DETROIT — Kevin Bieksa played in his 800th career game Sunday and that’s a number he takes pride in.
But there is a caveat to that. Those are games that are counted for the regular season only, which is what the NHL determines as official. And in his mind, Bieksa feels so many more should be recognized.
“The preseason and playoff games are twice as hard,” Bieksa said Tuesday, ahead of the Ducks’ game against Detroit. “You need to get rewarded for the more playoff games you play. Obviously you’ve been doing something all right.”
Bieksa has played in 85 of those to date. Given the Ducks’ 2-1 loss to Detroit that keeps them outside the playoff picture, there is no certainty that the defenseman will add to that this season. But there is satisfaction in logging as many games as he has while playing a physical brand of hockey for 13 seasons.
As a defender who often plays above his modest size for his position, Bieksa has gone through plenty of pain and sacrifice in order to get to 800.
“I think I’ve played the game a certain way,” said Bieksa, now in his third season with the Ducks after playing his first 10 with Vancouver. “I play it hard and I’ve had some injuries along the way. Most of my long-term injuries have been freak injuries.
“I’ve been cut by a skate twice and missed four months and three months. I’ve shattered my hand blocking a shot. Broken my foot two or three times. Those would probably be my major injuries. But other than that, I’ve been pretty fortunate, if you can look at it that way.
Bieksa wasn’t a high-end prospect coming out of his native Grimsby, Ontario. The player who is called “Juice” by teammates and coaches throughout his career was a fifth-round selection of the Canucks who went the route of the NCAA and played four years at Bowling Green.
By his third year, Bieksa was thinking ahead if the NHL wasn’t going to be in his picture. A job at a financial firm in Milwaukee was seriously considered, so much so that he didn’t put in a full commitment of training during his senior year.
“I wasn’t packing it in but not dedicating and giving myself a chance afterward,” Bieksa said. “My dad actually wanted me to take the job and it took a lot of convincing to talk him out of letting me come home and train and give hockey one last chance.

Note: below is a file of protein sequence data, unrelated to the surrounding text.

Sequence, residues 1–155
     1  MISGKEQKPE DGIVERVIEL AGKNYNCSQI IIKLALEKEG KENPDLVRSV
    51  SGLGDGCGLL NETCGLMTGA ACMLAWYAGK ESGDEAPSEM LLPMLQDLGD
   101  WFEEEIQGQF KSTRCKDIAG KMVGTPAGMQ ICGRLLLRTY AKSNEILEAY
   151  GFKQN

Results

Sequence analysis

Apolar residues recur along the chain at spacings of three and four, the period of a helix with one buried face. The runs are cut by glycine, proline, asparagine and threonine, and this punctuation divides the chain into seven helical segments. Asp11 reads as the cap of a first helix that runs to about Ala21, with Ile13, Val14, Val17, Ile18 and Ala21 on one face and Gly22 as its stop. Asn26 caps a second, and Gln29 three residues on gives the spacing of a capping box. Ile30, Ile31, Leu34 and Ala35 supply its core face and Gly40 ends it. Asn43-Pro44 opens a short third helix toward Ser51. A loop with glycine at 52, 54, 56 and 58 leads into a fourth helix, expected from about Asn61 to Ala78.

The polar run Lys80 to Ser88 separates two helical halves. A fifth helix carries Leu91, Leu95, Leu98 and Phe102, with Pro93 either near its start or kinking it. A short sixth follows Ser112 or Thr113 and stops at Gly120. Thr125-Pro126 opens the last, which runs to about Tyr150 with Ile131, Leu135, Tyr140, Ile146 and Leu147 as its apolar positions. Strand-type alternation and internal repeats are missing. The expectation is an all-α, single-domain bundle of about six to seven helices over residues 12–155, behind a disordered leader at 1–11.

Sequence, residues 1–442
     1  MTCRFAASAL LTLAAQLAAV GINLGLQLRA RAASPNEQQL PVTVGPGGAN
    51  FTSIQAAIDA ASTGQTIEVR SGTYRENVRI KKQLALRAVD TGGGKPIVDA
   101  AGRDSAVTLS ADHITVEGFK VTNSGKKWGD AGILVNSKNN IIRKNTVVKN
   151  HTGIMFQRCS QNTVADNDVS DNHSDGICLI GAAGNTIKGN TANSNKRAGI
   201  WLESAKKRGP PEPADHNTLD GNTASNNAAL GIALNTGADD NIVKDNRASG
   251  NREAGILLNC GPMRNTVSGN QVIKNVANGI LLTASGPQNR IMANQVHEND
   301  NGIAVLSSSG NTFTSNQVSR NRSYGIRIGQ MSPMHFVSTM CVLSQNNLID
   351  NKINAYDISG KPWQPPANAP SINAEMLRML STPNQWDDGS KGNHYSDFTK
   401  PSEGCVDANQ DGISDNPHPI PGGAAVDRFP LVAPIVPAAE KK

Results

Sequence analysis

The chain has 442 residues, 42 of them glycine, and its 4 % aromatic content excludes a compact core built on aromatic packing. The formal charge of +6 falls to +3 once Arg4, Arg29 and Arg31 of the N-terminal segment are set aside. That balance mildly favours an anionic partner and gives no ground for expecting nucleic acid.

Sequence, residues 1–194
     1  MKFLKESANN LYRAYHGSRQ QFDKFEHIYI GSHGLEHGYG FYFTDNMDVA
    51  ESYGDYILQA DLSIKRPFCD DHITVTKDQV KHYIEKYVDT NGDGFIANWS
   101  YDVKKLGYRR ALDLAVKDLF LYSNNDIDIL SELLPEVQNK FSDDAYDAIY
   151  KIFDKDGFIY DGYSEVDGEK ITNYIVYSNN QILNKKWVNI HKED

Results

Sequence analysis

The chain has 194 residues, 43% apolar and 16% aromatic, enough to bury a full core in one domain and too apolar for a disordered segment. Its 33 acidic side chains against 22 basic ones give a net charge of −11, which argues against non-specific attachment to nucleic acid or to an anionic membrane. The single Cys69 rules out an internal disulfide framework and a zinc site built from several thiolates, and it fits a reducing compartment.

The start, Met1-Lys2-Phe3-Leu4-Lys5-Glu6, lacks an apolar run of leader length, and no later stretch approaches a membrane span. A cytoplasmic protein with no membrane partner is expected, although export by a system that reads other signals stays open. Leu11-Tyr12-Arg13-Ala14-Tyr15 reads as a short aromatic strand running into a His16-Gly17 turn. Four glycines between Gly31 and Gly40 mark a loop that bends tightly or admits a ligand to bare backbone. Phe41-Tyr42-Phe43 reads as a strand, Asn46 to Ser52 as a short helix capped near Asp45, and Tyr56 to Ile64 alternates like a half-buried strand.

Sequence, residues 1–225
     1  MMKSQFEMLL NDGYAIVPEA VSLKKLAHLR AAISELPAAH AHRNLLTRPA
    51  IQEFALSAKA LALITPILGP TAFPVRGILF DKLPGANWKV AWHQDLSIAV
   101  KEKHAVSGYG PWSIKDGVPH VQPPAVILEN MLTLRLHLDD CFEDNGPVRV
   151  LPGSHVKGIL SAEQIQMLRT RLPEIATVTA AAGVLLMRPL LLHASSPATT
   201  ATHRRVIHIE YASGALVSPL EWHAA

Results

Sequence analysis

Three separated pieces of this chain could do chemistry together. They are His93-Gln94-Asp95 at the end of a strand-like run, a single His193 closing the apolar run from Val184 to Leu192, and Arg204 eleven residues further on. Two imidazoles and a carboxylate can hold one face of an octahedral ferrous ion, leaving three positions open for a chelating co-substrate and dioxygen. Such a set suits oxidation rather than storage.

“Nothing was guaranteed for sure. After college, I had to work my way up from the AHL. There was a lockout at the time, which made it even more difficult. But I’ve definitely earned everything I’ve gotten.”
The fallback plan has been put off for 13 years. Bieksa said he’s been around long enough to see players come into the league and go. He notes that some of his teammates in the early years “are either GMs or presidents of the team or coaches.
“A lot of coaches that I’ve played against,” Bieksa added. “Our coach in the minors, Dallas Eakins, was my first (defense) partner in pro hockey.”
While he thinks he’s closer to 1,000 games played than the NHL will officially acknowledge, Bieksa wants to take a shot at that recognized milestone.
“I want to play as long as I can,” he said. “As long as I’m having fun. As long as I’m able to contribute. That’s basically the only thing. If I can continue to contribute and play well and move well and not be hampered by injury, then, yeah, I’d love to keep playing.
“I don’t think I’m going to be Jaromir Jagr. I don’t think my wife will let me play past 40. But I’d certainly like to try to get there – 1,000.”
PETTERSSON BROUGHT UP
Marcus Pettersson earned his first promotion to the Ducks as the team called up the defenseman prospect, who has had a solid first pro season in North America.
Pettersson, 21, has been one of the San Diego Gulls’ better blue-liners in American Hockey League action. A defensive-minded 2014 draft pick in the second round, the Swede had not scored a goal but chipped in 14 assists in 44 games with the Gulls.
Having arrived from San Diego on Tuesday afternoon, Pettersson did not make his NHL debut as Ducks coach Randy Carlyle kept the same lineup from Sunday.
TIME’S UP FOR RASMUSSEN
Dennis Rasmussen was not claimed off waivers by another NHL team and the Ducks terminated the remainder of his one-year contract, paving the way for the Swedish forward to seek employment elsewhere.
Rasmussen likely will return to his native Sweden as he reportedly prefers that to playing in the American Hockey League. He had four goals and six assists in 17 games with the San Diego Gulls after being assigned there Dec. 29 after playing in 27 contests with the Ducks.
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